Book Review: Constructing Presidential Legacy: How We Remember the American President by eds. Michael Patrick Cullinane and Sylvia Ellis

Michael Patrick Cullinane and Sylvia Ellis (eds.), Constructing Presidential Legacy: How we Remember the American President, (Oxford University Press, 2019). pp.288. $125.00

 

 

From presidential farewell addresses to depictions of presidents in film, advertising and literature, Michael P. Cullinane and Sylvia Ellis’s edited volume Constructing Presidential Legacy offers a valuable addition to the growing body of literature concerning American presidential legacies. The ten essays within the collection demonstrate the vast array of ways and means by which presidential legacies are constructed and developed over time. In addition to exploring traditional forms of memorialisation such as statues, this volume also considers more modern forms of commemoration including depictions of presidents in advertising, as well as the president’s role in construction of his own legacy. Cullinane and Ellis succinctly justify the significance of this collection as follows: ‘if our perception of the past is shaped in any measure by memorialization and memorializers, we owe it to ourselves to consider these sources and their impact’ (3).

This multi-disciplinary volume includes chapters by historians, political scientists, literary scholars and film scholars, with each chapter focusing on a different method of presidential commemoration and memorialisation. Benjamin Hufbauer explores the development of the presidential library system, and the ways in which this ‘self-commemoration’ influences how we understand executive power. He argues that within these spaces historical truth is ‘disrupted as much as it is reinforced’, leading him ultimately to question the whether these institutions have a responsibility to the public to depict history accurately. Patrick Hagopian also explores physical monuments to presidents, offering a case study of the debates over the new Eisenhower memorial, including the role of Eisenhower’s family in influencing its final design. Both chapters demonstrate the ways in which various actors consciously distort historical ‘truths’ in order to influence how future generations interpret the legacies of the presidents in question.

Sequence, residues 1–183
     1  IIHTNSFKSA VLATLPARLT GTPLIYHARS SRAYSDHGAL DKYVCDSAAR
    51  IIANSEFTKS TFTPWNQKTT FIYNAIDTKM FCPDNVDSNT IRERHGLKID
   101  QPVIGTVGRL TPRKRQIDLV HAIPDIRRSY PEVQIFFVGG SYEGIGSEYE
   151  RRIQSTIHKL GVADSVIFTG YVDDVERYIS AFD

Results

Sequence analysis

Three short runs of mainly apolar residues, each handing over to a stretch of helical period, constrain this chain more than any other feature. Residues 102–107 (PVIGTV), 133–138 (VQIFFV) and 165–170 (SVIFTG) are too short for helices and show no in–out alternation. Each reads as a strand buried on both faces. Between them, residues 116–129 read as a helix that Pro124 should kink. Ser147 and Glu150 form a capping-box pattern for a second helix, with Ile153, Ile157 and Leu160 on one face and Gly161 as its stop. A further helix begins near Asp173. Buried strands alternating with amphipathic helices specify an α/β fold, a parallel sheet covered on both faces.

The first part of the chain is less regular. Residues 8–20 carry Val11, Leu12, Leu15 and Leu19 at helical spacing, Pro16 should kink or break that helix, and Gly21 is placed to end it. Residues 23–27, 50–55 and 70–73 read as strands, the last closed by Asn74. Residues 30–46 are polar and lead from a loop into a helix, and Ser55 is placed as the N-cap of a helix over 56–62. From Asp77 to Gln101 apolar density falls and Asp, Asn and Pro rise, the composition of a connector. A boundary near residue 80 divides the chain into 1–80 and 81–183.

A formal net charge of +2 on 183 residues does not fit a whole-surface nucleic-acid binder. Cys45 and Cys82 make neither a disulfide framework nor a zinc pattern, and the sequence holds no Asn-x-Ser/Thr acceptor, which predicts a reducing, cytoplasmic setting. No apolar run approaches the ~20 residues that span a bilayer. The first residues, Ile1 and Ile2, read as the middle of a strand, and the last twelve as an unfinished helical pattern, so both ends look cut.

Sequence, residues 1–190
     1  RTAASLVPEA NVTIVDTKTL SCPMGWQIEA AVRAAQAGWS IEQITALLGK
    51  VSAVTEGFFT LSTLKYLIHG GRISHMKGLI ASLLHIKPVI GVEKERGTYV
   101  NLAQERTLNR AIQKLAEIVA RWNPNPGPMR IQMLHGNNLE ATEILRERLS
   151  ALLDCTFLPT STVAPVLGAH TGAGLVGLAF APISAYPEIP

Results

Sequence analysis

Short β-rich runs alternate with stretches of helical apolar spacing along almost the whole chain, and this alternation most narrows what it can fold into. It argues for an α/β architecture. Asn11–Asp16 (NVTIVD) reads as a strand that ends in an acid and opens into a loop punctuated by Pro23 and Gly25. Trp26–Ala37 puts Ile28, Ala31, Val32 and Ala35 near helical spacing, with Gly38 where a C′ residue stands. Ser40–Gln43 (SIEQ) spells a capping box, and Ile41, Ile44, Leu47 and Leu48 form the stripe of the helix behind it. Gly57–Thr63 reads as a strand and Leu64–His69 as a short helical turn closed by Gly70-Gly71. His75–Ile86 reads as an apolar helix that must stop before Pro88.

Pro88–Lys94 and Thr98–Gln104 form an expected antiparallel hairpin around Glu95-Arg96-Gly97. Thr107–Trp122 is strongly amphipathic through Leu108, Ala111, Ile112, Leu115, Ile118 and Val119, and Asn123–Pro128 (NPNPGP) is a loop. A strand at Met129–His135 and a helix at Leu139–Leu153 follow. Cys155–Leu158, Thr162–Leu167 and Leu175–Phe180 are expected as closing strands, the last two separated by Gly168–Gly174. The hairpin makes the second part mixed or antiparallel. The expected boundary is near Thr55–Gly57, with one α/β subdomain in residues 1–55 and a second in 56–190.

Four further chapters explore how legacy was considered by figures within the White House, including the incumbent president. Thomas Tunstall Allcock argues that the role of diplomacy in shaping a president’s historical legacy is both important and underappreciated. Crucially, he connects the importance of public image to the endurance of a president’s long-term legacy. Along similar lines, Richard V. Damms looks at the context in which Eisenhower’s farewell address was written, contrasting Eisenhower and his administration’s hopes for the speech with its subsequent reception ‘both by contemporaries and in popular memory’ (77). Emily Charnock also looks at the role presidents and their aides play in the development of the incumbents’ legacies. Her chapter on presidential travel convincingly argues that the travel itinerary of outgoing presidents reflects what each one hoped to be remembered for in the long term. Sylvia Ellis’s final chapter looks more broadly at the evolving role of new technologies in presidential communications, and the implications of these developments for the sources we use to examine presidential legacies in the future. Each of these chapters therefore offers a convincing explanation of a different way in which presidents and their aides can impact on long-term interpretations of their respective administrations.